weave (2)

noun physical_contact_manipulation

Proto-Siouan-Catawba

Proto-Siouan *sų ~ *šų

Proto-Mississipi-Valley *sų́

Proto-Dakota *sų

Lakota ‘plait, braid’ EB:458a , wasų ‘braid in strings, as corn or hair’ EB:550a , onázų ~ onásų ‘braid together, sew or weave’ EB:820

Dakota soŋ ‘plait or braid, as hair or corn’ SRR:438a , wasóŋ , †wasų ‘braid in strings, as corn or hair’ SRR:535b

Proto-Hoocąk-Chiwere

Chiwere wé•θą ‘weaving’ JDH

Hoocąk hakisų́ ‘braid’ KM:609 , hakisų

Proto-Dhegiha *są

Omaha-Ponca ákhibésą ‘fold’

Kanza/Kaw ‘plaited’

Osage Hoçoⁿ , †hosą ‘Braided-fish’ [personal name]

Quapaw nąxʔésą ‘scalp lock plaited’

Proto-Southeastern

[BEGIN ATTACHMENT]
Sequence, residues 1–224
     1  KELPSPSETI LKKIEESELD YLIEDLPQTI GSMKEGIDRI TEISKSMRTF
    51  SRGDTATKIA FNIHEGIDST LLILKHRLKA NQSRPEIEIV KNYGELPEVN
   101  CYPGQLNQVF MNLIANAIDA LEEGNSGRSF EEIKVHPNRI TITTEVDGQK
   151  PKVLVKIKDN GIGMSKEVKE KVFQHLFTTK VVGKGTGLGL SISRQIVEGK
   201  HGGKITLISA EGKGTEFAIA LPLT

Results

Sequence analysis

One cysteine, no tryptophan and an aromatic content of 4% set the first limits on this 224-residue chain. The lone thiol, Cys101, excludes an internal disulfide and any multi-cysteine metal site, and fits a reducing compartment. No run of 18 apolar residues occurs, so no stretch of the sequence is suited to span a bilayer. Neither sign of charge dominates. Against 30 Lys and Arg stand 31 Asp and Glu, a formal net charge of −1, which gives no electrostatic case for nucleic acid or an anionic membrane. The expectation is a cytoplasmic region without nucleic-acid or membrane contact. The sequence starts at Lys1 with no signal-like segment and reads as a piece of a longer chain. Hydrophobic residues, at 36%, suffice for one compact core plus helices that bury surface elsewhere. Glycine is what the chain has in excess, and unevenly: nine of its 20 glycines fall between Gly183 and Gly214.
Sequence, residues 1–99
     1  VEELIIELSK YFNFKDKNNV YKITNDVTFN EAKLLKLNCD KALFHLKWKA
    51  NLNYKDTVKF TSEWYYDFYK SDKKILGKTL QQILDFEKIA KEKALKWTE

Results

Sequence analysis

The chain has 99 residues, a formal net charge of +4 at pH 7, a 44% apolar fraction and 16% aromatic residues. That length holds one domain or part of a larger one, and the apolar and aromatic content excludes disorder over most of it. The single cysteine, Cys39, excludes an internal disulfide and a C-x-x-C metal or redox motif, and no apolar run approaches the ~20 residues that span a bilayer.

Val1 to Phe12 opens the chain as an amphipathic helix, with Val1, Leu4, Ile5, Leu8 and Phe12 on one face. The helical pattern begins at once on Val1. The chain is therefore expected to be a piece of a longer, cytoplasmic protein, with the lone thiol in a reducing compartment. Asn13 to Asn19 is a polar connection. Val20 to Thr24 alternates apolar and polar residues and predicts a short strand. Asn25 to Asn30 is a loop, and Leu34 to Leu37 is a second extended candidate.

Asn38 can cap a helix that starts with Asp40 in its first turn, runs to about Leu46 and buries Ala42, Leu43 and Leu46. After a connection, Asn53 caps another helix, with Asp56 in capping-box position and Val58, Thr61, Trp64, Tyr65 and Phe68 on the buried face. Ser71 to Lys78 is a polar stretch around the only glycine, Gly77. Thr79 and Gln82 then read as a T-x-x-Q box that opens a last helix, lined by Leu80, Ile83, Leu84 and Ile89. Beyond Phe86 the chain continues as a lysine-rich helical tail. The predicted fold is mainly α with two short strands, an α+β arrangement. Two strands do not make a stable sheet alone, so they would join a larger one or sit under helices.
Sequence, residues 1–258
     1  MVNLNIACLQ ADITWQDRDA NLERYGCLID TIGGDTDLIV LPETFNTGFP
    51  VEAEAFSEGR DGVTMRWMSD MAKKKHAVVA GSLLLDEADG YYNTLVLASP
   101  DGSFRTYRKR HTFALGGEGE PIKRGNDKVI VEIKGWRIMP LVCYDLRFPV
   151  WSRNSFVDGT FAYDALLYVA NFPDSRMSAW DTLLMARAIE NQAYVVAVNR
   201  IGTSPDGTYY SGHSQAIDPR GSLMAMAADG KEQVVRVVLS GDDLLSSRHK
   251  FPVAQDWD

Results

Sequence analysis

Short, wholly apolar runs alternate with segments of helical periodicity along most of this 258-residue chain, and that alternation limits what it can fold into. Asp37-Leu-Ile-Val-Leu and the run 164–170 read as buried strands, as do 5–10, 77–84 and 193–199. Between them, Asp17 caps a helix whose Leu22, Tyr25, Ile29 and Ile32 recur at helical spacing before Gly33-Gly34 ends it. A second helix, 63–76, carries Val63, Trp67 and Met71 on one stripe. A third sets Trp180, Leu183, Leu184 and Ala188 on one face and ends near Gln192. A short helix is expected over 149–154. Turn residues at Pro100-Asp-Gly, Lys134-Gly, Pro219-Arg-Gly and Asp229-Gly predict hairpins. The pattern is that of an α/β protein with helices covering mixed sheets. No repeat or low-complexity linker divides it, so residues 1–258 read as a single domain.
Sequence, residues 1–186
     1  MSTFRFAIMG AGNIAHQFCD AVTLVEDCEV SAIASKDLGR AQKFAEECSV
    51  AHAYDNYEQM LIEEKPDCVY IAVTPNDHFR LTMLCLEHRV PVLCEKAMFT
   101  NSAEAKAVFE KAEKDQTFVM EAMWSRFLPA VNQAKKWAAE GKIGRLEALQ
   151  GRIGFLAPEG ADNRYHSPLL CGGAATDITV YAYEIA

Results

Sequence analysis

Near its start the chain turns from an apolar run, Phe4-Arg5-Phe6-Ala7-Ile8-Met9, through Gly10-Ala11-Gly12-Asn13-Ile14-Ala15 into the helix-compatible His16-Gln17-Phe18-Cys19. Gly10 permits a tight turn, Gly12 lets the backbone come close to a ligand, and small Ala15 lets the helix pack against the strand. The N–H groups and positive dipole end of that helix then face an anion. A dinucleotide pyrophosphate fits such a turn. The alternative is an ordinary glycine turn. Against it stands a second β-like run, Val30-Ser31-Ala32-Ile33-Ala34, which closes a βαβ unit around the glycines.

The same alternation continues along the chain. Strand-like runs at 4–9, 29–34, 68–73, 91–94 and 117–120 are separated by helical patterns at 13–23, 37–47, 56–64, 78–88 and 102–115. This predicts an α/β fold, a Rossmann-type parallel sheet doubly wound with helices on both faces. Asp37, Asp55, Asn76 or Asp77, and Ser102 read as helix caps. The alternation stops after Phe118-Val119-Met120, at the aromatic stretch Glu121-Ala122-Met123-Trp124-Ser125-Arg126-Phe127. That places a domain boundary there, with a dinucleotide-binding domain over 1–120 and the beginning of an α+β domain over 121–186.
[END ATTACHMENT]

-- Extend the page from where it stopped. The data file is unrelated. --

Proto-Biloxi-Ofo

Biloxi tcoⁿ, natcóⁿ , †nąčǫ́ ‘plait’ D&S:265b

General comment

Note the rare occurrence of doublets distinguished only by fricative voicing in MVS. *sų and *zų have nearly identical meanings and must have developed in different phonological contexts. This constitutes important evidence that there really was a voicing rule and that Proto-Siouan only had voiceless fricatives. The Biloxi form shows a reflex of the grade.

Details Language Word Source